International-development researchers in Sweden are in turmoil after the country’s government decided to cut all further public research funding for the field.
On 22 June, the government announced that the Swedish Research Council (Vetenskaprådet; VR), the country’s largest research funder, would no longer offer grants for development research — taking 180 million Swedish kronor (US$16.4 million) off the table with immediate effect.
More than 600 researchers have signed an open letter criticizing the move and calling for its reversal. “The Government’s decision wastes time and energy spent on preparing applications and undermines confidence in the research support system as a whole,” the letter says. “Sweden has been a leading player in development research and research assistance for over 50 years. This position is now seriously undermined.”
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The decision to axe funding affects grant applications submitted by around 250 researchers in Sweden, together with dozens of international collaborators based mainly at universities in Africa or Asia.
In 2022, VR approved 60 applications for 2–4 year projects. “We anticipated a similar output from the 2023 call,” says Ingrid Öborn, an agroforestry researcher at the Swedish University of Agricultural Sciences in Uppsala, and chair of the VR’s Committee for Development Research from 2022 to 2024. “The aim of the discontinued grants, funded by VR since 2013 from the government’s development-aid budget, was to strengthen Swedish research of the highest quality with particular relevance to poverty alleviation and sustainable development in low-income countries.”
The move follows a budget reduction at the Swedish International Development Cooperation Agency (Sida) in January: a 54% cut from 960 million in 2022, to 440 million kronor.
Fears for the future
The open letter says that the government made the decision without consulting the scientific community, and that a sudden loss of grant funding will have particularly severe consequences for early-career researchers.
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Aida Bargués-Tobella, an ecologist at the Swedish University of Agricultural Sciences in Umeå, who signed the letter, relies completely on external grants for her income. She had applied for a grant that would have covered 50% of her salary, up to 20% of the salaries of four international collaborators (at the University of Nairobi in Kenya and Makerere University in Kampala, Uganda) and two PhD student stipends, plus fieldwork and travel costs. “It would have been a great opportunity for us to establish ourselves and to build on the collaboration we started three years ago,” says Bargués-Tobella. Now, she is worried about her future and that of the project.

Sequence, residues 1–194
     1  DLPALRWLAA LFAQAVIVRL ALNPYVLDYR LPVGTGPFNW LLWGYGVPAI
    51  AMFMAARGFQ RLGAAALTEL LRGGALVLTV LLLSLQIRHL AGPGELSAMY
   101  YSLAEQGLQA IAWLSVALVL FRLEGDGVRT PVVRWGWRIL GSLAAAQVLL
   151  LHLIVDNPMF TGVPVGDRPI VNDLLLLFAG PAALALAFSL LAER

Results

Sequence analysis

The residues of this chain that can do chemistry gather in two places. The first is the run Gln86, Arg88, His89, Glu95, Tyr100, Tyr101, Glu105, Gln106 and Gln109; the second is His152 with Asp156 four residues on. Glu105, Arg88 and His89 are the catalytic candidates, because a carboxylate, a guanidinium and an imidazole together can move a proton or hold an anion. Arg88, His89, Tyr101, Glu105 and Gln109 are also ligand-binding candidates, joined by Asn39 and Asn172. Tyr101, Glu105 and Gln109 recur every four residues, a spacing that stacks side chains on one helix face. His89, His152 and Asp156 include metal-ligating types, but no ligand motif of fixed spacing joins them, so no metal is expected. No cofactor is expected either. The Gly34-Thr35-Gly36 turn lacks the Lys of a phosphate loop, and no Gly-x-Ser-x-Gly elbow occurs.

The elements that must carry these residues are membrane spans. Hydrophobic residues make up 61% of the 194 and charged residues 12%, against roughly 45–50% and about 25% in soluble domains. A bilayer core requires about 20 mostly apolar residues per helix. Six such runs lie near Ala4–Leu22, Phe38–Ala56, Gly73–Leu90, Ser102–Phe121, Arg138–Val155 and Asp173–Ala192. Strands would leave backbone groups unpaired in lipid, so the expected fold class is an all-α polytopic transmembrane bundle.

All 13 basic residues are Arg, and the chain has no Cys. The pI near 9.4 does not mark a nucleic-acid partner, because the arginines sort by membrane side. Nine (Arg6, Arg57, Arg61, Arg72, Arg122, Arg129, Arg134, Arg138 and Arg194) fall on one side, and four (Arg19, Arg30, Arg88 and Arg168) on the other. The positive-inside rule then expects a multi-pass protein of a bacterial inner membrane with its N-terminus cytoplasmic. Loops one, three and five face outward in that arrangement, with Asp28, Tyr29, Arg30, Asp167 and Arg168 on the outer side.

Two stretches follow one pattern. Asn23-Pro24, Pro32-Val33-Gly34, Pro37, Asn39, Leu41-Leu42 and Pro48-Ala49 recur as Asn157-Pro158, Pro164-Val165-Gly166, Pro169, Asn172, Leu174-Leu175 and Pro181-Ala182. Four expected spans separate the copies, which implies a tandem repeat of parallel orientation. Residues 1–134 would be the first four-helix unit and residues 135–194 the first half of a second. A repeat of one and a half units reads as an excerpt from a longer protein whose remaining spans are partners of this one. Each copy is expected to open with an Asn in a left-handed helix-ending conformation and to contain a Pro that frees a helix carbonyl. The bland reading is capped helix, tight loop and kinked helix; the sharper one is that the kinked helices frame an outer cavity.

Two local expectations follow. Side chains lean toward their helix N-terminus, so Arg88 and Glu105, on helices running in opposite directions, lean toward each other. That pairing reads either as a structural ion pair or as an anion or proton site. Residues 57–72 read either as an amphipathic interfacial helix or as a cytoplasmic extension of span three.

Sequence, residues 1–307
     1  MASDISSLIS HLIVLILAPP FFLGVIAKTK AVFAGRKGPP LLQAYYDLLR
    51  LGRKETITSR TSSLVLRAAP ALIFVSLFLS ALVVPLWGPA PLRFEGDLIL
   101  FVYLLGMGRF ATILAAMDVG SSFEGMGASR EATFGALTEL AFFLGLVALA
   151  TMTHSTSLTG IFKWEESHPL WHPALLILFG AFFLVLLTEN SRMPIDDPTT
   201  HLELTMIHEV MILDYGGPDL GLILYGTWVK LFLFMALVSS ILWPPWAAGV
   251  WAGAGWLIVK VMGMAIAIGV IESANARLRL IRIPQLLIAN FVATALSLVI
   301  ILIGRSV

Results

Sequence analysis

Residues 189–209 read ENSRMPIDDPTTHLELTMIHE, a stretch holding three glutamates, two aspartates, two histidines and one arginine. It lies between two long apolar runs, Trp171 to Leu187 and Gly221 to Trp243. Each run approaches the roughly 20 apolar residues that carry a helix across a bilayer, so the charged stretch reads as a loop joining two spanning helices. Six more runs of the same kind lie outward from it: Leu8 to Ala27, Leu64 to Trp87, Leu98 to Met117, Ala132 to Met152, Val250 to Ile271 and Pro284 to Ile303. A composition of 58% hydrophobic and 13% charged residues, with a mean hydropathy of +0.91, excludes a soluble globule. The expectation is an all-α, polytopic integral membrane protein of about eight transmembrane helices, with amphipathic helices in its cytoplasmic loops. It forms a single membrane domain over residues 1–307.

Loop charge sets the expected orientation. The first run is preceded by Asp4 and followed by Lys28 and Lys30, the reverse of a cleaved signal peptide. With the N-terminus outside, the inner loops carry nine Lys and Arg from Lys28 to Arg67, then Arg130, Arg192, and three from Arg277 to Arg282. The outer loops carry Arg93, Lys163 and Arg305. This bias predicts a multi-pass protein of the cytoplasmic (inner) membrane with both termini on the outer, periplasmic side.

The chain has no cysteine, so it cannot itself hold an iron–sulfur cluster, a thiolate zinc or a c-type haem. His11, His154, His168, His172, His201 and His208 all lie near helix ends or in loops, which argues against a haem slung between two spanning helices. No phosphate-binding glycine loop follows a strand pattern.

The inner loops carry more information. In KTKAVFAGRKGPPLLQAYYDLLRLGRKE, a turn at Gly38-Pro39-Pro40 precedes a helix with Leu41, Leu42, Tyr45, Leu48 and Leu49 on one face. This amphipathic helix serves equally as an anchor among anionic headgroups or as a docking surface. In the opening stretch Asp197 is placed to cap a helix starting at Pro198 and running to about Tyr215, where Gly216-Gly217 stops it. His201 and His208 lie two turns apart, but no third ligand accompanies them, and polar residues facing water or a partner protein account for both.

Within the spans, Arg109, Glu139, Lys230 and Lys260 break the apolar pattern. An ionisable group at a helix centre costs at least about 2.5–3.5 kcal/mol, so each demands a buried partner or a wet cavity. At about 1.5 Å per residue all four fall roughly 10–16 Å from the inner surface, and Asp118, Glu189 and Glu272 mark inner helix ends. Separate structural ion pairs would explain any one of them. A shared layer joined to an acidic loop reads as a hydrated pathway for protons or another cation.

“Due to this abrupt decision, I might seriously consider leaving Sweden after 9 years of research here,” says Cristiano Lanzano, a social anthropologist at the Nordic Africa Institute in Uppsala, whose work relies on research-council funding.
“There are many global aspects of development research that we now risk losing,” says Jonas Ewald, a social-studies researcher at Linnaeus University in Växjö, who also signed the letter. He adds that development research is important for addressing global challenges and contributing to better health care, economic development and climate-change mitigation.
A change in direction
The government has cited the need to control aid spending as a reason for the cuts. “With the war in Ukraine, we are in an entirely new situation,” says Johan Forssell, the minister for international development, cooperation and foreign trade. “We do not have unlimited resources. The allocation of aid always involves difficult trade-offs, and we are prioritising the urgent needs in Ukraine.”
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“We fully understand that researchers are disappointed by the decision, as they have put time and effort into their applications. At the same time, we note that 98% of the Swedish Research Council’s other appropriations remain intact, from which researchers are welcome to apply for funding,” he adds.
Researchers have countered that the government is confusing humanitarian needs with development research.
The sudden loss of funding “will jeopardize the work done for decades to build up long-term research capacity in low-income countries”, says Hannah Akuffo, who retired from her position as a senior research adviser at Sida last year. “It takes time to build collaborations and research environments that work, both in Sweden and in the global south. Now that long-term endeavour is at risk of being destroyed.”